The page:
Toni Ko, founder of NYX cosmetics and owner-founder of Perverse Sunglasses, worked as an employee (on an allowance) at her family’s cosmetics business from ages 13-25. Today on the EO Podcast, Toni discusses the challenges of working at her family’s shop as a teen and young adult but also how her experience there acted as a springboard to start NYX. Tune-in to learn how Toni handled the sale of her business after 15 years and what catalyzed her next business move.
Time Stamped Show Notes:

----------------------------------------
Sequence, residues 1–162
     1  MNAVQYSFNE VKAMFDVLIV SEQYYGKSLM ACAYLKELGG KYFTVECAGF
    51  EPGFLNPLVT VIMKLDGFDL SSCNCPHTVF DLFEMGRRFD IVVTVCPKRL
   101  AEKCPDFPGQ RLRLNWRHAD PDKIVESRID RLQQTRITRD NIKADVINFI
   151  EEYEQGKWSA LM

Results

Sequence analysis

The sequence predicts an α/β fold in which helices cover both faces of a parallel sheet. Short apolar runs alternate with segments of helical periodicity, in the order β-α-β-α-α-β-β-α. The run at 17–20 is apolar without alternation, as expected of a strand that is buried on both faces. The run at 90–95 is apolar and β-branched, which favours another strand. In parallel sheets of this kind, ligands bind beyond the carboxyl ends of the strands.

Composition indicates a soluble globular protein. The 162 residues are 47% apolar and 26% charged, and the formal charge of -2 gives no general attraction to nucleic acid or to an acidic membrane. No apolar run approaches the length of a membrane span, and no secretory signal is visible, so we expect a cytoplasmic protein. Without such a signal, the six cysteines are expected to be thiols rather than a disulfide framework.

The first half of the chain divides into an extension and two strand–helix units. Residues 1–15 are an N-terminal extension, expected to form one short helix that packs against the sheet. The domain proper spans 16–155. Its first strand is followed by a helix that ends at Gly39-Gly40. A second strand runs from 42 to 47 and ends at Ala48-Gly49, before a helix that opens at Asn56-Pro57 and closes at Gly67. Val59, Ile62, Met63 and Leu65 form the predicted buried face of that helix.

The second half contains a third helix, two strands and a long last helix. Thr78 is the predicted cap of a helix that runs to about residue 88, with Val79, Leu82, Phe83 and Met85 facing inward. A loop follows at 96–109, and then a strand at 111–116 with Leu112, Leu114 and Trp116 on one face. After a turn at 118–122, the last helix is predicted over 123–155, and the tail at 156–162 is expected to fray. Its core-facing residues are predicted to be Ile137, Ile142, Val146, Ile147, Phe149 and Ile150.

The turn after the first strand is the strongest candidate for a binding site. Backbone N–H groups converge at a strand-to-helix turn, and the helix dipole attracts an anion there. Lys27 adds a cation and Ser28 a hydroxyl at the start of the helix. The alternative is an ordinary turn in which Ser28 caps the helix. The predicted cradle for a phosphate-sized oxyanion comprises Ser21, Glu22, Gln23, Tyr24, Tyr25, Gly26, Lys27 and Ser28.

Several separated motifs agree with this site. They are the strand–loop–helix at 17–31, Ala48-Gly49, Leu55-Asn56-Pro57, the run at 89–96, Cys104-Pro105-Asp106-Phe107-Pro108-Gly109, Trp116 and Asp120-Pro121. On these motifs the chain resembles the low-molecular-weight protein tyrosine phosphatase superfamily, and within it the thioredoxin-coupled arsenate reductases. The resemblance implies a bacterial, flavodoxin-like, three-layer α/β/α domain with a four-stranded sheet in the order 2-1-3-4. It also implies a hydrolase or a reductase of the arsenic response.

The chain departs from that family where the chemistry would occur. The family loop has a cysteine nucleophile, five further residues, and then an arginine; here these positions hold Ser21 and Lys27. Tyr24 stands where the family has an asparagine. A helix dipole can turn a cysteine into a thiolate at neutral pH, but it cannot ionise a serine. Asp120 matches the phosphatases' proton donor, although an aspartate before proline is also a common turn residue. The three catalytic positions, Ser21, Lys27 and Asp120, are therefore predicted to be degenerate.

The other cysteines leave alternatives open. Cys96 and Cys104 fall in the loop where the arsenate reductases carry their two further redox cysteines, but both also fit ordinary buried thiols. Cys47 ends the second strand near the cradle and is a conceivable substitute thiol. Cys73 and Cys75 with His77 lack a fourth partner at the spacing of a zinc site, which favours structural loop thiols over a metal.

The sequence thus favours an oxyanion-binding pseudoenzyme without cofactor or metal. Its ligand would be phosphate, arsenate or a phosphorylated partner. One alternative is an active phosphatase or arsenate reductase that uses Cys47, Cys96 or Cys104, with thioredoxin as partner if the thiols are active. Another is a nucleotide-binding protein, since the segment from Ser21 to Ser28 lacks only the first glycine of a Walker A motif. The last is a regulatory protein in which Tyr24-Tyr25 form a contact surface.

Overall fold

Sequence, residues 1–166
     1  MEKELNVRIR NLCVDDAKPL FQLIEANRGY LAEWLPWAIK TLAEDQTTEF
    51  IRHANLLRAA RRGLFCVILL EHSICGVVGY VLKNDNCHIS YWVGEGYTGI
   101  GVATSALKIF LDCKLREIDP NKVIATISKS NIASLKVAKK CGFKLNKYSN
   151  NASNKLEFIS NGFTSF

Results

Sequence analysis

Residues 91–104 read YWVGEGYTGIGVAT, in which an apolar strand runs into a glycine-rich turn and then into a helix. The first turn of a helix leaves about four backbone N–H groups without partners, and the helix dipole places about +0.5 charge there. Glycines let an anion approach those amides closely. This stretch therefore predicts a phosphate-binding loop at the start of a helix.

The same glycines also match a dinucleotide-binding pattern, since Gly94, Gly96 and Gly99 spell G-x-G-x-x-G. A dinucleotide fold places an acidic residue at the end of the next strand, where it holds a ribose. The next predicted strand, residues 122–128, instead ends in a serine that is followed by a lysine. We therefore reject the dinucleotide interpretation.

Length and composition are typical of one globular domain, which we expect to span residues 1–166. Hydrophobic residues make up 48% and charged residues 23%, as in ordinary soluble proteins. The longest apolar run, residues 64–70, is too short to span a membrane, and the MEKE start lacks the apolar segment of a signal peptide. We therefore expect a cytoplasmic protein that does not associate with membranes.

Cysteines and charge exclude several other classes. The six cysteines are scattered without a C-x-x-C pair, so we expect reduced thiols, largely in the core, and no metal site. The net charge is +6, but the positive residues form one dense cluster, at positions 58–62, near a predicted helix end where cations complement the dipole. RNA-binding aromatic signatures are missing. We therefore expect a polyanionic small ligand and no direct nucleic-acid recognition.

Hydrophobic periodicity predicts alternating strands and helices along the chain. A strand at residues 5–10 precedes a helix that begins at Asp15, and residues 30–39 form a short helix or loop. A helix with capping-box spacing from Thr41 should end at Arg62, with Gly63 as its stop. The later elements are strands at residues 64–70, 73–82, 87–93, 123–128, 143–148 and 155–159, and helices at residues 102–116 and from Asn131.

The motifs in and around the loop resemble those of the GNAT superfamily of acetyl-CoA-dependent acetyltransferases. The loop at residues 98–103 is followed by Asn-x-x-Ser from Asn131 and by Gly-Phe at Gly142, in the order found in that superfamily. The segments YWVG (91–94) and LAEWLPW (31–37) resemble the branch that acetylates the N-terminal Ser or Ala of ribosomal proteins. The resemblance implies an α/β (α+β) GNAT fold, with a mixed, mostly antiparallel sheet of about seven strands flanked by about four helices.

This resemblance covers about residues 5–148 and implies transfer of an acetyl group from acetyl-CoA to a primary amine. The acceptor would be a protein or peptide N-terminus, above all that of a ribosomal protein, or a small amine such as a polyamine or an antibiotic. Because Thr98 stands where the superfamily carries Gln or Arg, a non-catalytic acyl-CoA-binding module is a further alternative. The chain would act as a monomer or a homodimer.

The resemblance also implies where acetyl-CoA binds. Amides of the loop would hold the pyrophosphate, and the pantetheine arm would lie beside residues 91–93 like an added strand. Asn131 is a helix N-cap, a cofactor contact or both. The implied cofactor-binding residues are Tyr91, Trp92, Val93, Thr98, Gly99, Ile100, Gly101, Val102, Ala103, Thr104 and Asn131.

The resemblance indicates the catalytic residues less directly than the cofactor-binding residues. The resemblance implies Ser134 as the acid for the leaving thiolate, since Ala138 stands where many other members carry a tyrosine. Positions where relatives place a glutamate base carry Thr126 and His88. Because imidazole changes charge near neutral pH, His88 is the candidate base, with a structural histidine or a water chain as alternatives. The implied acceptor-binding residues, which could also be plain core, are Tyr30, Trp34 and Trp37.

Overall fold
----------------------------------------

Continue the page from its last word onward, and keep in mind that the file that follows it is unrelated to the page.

00:19 – Habits that make Toni a successful entrepreneur 00:33 – Having a routine is very important, especially in the morning for health and body care 01:27 – The book “From Good to Great” by James Collins inspires her and transformed her life 01:40 – Core values for NYX and Perverse are honesty and sticking to what you promise 02:18 – When she was little she’d volunteer for everything and was very enthusiastic 02:46 – She grew up in South Korea in a rural area; she’s a country girl 03:30 – Her family moved to the U.S. in 1986 (7th grade) 03:50 – She’s happy that she grew up in nature 04:22 – She had to learn a new language and culture, she had to be creative and hypersensitive of her surroundings to understand what was going on 05:20 – This hypersensitivity has helped her in business; she can pinpoint situations quickly 06:03 – The “gut-feeling” comes from the ability to analyze body language, energy 06:58 – Her family owned a small business selling cosmetics and she’d always work there 07:30 – She’d go to school and work at the store with customers, merchandise, POP; she experienced business from the point-of-view of an employee 08:20 – She started looking into how things could be done more efficiently 08:38 – Her older sister did her own thing and her brother, being a boy, was exempt 09:00 – She didn’t like being at the store all the time, her mom was the scariest person at the time 09:23 – Her mother was very strict: she couldn’t chew gum or sit down in the store 10:00 – There were fun moments, too; cleaning up, inventory, and displays were fun to do 10:30 – She worked with the family business until she was 25 years old and she lived at her parent’s house with an allowance 11:00 – This was normal to her; it’s a cultural thing 11:23 – She told her mom that she wasn’t going to work at the store anymore and was going to get a job 11:42 – She decided to start her own business with a loan from her mother and started it at 26 years old 12:10 – She birthed the idea out of need; she didn’t have money to spend on high-end cosmetics when she worked at the family store 12:44 – Her friends would buy department store products and she would buy drugstore products; she was embarrassed 13:35 – She knew some of the ins-and-outs of business, suppliers, and how the industry worked; she knew that high-end products were expensive due to $ spent on marketing 13:55 – Instead of spending on marketing, she wanted to put the money back into the product and depend on consumer’s word-of-mouth marketing 14:20 – She started a one-woman cosmetic company: she delivered, packed, designed, created invoices/orders, in a 600 square foot showroom 14:50 – In the first year, she sold $2 million worth of wholesale cosmetic pencils, which is $4 million in retail and she packed and delivered each box 15:27 – Her mother was her first client and she got the rest of her clients through word of mouth; people had never seen something of such quality at that low of a price point 16:00 – She made “sleek” packaging inspired by higher-end brands 17:00 – In 1999, when there was still a chain in business (wholesalers to retailers), even retailers wanted the product, not just drugstores 17:50 – She did a lot of tradeshows; they were the way to get your produ